Responses to Google’s First Set of Proposed Remedies to the European Commission

On 25 April 2013, the European Commission released Google’s proposal to settle the EC’s investigation into four concerns that the search giant may be illegally abusing its dominant position in online search and search advertising. Read below for some of the public responses.

European Publishers Urge European Commission to Challenge Google Further

25 June 2013

“If Google does not come up with fundamentally improved proposals very soon, we call on the Commission to use its full legal powers, including an immediate Statement of Objections with effective remedies. Fair and non-discriminatory search with equal criteria for all websites is an essential prerequisite for the prosperous development of the European media and technology sector.”

Prof. Dr. Hubert Burda, speaking on behalf of hundreds of European publishers and their trade associations.

Link to Press Release

FairSearch: “It would be better to do nothing than to accept Google’s proposals” to the European Commission

25 June 2013

“Google’s proposal would turn a competition abuse into an additional revenue stream for Google. Far from solving the Commission’s competition concerns this proposal will raise competitors’ costs, limit choice and cement Google’s anti-competitive behaviour. Consumers deserve better.”

Thomas Vinje, counsel and spokesman for FairSearch Europe

CEPIC — Centre of the Picture Industry comments on Google proposals

27 May 2013

“The proposed remedies are inappropriate and contain numerous deficiencies. In fact, if implemented the commitments would probably hurt website publishers and content providers even more than Google’s present conduct. Therefore, we expect the Commission to reject the commitment proposals made by Google in their entirety.”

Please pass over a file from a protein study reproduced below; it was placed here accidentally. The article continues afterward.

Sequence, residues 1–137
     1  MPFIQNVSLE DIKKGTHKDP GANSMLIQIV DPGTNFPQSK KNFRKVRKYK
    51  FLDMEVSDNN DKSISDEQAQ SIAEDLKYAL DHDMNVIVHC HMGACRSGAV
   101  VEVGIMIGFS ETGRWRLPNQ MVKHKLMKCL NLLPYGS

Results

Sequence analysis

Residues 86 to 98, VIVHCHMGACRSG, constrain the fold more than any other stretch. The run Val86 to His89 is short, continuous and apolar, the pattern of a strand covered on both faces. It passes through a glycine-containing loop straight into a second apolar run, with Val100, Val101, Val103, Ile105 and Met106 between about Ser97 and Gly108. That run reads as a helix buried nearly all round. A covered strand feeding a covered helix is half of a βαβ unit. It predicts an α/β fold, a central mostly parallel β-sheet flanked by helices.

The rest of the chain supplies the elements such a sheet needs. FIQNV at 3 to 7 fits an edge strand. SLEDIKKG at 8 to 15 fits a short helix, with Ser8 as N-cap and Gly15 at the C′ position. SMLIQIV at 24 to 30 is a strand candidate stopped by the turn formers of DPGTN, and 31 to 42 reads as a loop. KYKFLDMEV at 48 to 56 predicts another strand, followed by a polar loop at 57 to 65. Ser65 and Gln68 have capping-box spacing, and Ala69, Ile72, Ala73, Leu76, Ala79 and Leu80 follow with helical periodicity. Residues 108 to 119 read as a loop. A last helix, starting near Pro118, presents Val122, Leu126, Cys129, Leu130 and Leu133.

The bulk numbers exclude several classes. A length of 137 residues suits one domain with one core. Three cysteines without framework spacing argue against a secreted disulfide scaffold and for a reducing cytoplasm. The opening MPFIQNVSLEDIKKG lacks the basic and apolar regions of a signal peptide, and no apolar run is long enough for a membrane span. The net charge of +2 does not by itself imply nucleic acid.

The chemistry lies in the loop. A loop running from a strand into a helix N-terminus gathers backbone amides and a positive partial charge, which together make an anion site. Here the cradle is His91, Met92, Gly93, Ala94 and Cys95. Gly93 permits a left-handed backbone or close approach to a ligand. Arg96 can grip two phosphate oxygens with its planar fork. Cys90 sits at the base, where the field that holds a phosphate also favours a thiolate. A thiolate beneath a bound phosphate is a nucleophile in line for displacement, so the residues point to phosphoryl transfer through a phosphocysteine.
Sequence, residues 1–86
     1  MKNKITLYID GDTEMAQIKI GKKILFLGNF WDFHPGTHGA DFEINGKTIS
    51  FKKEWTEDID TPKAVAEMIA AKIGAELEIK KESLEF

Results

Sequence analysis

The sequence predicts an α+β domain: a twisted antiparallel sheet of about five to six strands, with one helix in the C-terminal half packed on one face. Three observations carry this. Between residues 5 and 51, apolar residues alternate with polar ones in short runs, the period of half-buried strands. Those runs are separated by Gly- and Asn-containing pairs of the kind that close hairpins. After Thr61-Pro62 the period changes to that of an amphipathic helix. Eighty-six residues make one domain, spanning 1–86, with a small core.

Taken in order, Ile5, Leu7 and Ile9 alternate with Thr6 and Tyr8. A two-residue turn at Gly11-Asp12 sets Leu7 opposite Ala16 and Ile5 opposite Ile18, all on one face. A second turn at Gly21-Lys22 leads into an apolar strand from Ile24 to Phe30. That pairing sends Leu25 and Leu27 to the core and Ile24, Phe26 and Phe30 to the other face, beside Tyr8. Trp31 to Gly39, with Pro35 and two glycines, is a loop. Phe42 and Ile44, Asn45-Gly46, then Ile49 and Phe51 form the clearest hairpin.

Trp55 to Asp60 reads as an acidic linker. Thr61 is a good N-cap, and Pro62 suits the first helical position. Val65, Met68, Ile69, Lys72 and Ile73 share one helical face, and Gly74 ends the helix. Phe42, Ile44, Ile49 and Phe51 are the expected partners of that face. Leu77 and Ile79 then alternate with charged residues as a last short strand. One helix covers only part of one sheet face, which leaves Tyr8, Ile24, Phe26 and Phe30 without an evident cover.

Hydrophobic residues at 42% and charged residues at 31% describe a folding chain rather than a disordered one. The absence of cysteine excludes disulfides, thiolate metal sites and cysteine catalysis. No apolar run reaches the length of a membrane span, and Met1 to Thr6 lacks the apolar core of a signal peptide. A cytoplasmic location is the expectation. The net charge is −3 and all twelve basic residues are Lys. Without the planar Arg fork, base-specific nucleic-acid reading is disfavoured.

Link to Press Release

BEUC — The European Consumer Organisation Response to Market Test in Google Case

24 May 2013

“It is important that Google is obliged to use an objective, non-discriminatory mechanism to rank and display all search results, including any links to Google products … Structural remedies are essential for restoring competition and promoting innovation in the online environment. We therefore call upon the European Commission to reject the current proposals and ensure that non-discrimination principle is the starting point of the remedies.”


ProSiebenSat.1 Response: “We fear that the commitments will further reinforce Google’s dominant position”

24 May 2013

“ProSiebenSat.1 believes that the commitments are not likely to even partially dispel the competition concerns resulting from Google’s behaviour. On the contrary, we fear that the commitments will further reinforce Google’s dominant position.”

Conrad Albert and Dr. Michael Miler, ProSiebenSat.1 Media AG

Please note this filing has been translated from German.

Consumer Watchdog Letter to European Commission

24 May 2013

“Consumer welfare is the ultimate test of any antitrust settlement. Google’s proposed
Commitments fail to meet this standard. Approval of the Commitments would essentially legitimatize Google’s anticompetitive practices and give the company more tools to strengthen its dominance.”

John M. Simpson, Consumer Watchdog privacy project director

Foundem’s Initial Analysis of Google’s Proposals

14 May 2013

“The proposed changes would have no impact on Google’s ability to systematically penalize rivals in its natural search results and would do nothing to curtail the unassailable advantage that Universal Search affords Google’s own services. In fact, in many important respects, the proposed changes would make things considerably worse.”

Adam Raff and Shivaun Raff, Co-founders of Foundem and